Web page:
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What we know about the shadowy Russian mercenary firm behind an attack on U.S. troops in Syria

The Pentagon said coalition forces conducted strikes in response to "an unprovoked Syrian pro-regime forces attack" in Syria on Feb. 7 and Feb. 8. (Video: U.S. Air Forces Central Command Public Affairs)

One of the most complicated episodes in Syria's ever-twisting war took place the night of Feb. 7. In that incident, U.S. troops and their Syrian allies near the town of Deir al-Zour were attacked by hundreds of fighters loyal to the Syrian regime. The Americans responded with a devastating counterattack that the United States said left about 100 dead.

Soon, the situation was complicated further by reports that Russian mercenaries had taken part in the attack and were among the dead — making it the deadliest U.S.-Russia clash since the Cold War.

The mercenary firm is named Wagner, and it has been linked to Yevgeniy Prigozhin, a Russian oligarch who was recently indicted by special counsel Robert S. Mueller III for an alleged role in “information warfare” ahead of the 2016 U.S. presidential election.

Worse still, U.S. intelligence reports suggest that Prigozhin was in touch with both the Kremlin and Syrian officials shortly before and after the attack, The Washington Post reported Thursday. The situation raises big questions about what role a Russian mercenary firm — or rather a “pseudo-mercenary” firm, according to Russian military expert Mark Galeotti — was playing in the Syrian war.

When was Wagner created?

Wagner first gained attention for its operations in 2014 in Ukraine, where mercenaries with the group — mostly military veterans and ultranationalists — were reported to be fighting alongside Russian-backed separatists in the eastern part of the country. The group was believed to have been led by Dmitry Utkin, who until 2013 had served in Russia's foreign military intelligence agency, the GRU.

After leaving official military service, Utkin is reported to have worked with the private security firm Moran Security Group and the Slavonic Corps, a group of Russian mercenaries sent to Syria in 2013 with notoriously disastrous consequences. According to the Russian investigative outlet Fontanka, Wagner’s founder is a Nazi sympathizer. Russian media reported that Utkin named his group after Richard Wagner, the German composer whose works were appropriated by Hitler. He was later sanctioned by the U.S. Treasury Department for his involvement in Ukraine.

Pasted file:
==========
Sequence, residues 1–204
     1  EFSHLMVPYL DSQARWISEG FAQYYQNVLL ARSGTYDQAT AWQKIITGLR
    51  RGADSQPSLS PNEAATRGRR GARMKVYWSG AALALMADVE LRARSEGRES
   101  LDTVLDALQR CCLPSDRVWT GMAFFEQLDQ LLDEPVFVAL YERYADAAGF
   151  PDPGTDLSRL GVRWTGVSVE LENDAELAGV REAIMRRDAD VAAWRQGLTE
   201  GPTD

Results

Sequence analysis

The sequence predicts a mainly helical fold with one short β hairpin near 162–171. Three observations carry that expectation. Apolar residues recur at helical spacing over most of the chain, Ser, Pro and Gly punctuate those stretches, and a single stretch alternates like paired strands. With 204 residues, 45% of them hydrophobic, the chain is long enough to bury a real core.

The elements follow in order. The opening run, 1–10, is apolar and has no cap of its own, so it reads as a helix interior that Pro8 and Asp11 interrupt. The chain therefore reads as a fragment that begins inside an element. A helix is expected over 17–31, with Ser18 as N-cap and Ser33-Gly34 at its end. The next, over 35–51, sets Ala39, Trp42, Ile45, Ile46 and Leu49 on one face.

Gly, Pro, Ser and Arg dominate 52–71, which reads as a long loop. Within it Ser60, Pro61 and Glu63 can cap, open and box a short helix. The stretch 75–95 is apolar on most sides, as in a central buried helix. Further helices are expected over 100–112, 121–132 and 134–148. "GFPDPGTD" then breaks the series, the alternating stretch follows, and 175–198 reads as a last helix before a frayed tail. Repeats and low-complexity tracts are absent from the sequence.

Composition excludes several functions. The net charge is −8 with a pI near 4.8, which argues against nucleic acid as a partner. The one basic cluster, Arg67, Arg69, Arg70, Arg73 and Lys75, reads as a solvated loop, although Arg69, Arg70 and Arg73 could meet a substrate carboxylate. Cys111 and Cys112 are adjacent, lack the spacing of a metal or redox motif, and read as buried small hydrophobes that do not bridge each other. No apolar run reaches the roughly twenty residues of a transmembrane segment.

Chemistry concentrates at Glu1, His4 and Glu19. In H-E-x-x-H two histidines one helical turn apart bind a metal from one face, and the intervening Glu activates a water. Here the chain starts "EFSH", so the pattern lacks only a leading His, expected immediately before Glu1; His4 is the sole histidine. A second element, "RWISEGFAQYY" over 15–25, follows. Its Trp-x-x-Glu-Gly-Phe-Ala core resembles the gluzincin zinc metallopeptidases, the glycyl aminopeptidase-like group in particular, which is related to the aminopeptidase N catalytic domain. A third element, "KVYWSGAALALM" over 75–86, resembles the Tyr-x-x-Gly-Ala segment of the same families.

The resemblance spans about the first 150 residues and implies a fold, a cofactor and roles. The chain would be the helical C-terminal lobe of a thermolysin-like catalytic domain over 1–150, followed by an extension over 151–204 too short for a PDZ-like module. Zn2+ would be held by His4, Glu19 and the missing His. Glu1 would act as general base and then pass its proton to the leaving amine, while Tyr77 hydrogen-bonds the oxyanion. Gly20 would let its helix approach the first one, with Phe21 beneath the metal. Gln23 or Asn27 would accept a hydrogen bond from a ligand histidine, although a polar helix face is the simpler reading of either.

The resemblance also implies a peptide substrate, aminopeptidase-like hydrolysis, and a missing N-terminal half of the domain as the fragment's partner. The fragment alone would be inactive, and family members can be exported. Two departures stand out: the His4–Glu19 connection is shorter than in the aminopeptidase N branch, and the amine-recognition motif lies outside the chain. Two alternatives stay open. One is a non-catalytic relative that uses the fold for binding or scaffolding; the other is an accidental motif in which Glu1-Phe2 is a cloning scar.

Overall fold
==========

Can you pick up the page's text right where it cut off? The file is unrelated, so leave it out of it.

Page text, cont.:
In 2015, after the Russian military intervened to prop up Syrian President Bashar al-Assad, Wagner began sending troops to Syria; as early as October 2015, just one month after Russia began airstrikes, Russian citizens were reported to have died fighting alongside pro-government forces. Subsequent reports indicated that Wagner mercenaries may be deployed to Sudan and the Central African Republic.

What is Prigozhin's relationship to Wagner?

Prigozhin is a Russian oligarch who first became famous as a restaurateur — his nickname is “Putin's chef.” He has had a remarkable life, taking an unlikely path from prison, where he served nine years on charges related to robbery and prostitution, to becoming a Kremlin-linked entrepreneur.

He now has a reputation as a man willing to do Russian President Vladimir Putin's dirty work. Last week, he was included in a U.S. indictment that focused on the Internet Research Agency, a St. Petersburg-based firm that was alleged to have used social media to interfere in U.S. politics, including the 2016 presidential election. The indictment says that Prigozhin and his catering company, Concord, spent “significant funds” on the venture and that Prigozhin attended regular briefings on its work.

U.S. intelligence sources think that Prigozhin “almost certainly” controls the Wagner mercenaries fighting in Syria. Notably, Russian business outlet RBC reported last year that Utkin appeared to have been listed as the general director of one of Prigozhin's catering businesses.

What role does Wagner play in Syria?